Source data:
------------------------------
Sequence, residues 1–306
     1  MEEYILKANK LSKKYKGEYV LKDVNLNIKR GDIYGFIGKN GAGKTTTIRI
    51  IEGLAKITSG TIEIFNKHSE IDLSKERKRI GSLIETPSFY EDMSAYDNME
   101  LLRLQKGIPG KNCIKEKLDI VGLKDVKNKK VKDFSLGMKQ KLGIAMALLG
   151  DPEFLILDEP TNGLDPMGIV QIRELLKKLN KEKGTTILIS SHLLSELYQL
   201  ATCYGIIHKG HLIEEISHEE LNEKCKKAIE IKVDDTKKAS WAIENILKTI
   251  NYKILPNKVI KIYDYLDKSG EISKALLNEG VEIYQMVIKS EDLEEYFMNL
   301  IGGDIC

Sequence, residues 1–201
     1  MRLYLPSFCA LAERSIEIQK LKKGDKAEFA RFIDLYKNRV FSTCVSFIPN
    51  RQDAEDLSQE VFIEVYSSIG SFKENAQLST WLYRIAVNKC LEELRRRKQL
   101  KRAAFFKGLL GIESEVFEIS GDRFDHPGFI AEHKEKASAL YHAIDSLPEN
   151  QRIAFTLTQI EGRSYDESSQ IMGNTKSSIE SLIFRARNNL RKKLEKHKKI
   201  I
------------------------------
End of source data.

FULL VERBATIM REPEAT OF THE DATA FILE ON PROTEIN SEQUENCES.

Sequence, residues 1–306
     1  MEEYILKANK LSKKYKGEYV LKDVNLNIKR GDIYGFIGKN GAGKTTTIRI
    51  IEGLAKITSG TIEIFNKHSE IDLSKERKRI GSLIETPSFY EDMSAYDNME
   101  LLRLQKGIPG KNCIKEKLDI VGLKDVKNKK VKDFSLGMKQ KLGIAMALLG
   151  DPEFLILDEP TNGLDPMGIV QIRELLKKLN KEKGTTILIS SHLLSELYQL
   201  ATCYGIIHKG HLIEEISHEE LNEKCKKAIE IKVDDTKKAS WAIENILKTI
   251  NYKILPNKVI KIYDYLDKSG EISKALLNEG VEIYQMVIKS EDLEEYFMNL
   301  IGGDIC

Sequence, residues 1–201
     1  MRLYLPSFCA LAERSIEIQK LKKGDKAEFA RFIDLYKNRV FSTCVSFIPN
    51  RQDAEDLSQE VFIEVYSSIG SFKENAQLST WLYRIAVNKC LEELRRRKQL
   101  KRAAFFKGLL GIESEVFEIS GDRFDHPGFI AEHKEKASAL YHAIDSLPEN
   151  QRIAFTLTQI EGRSYDESSQ IMGNTKSSIE SLIFRARNNL RKKLEKHKKI
   201  I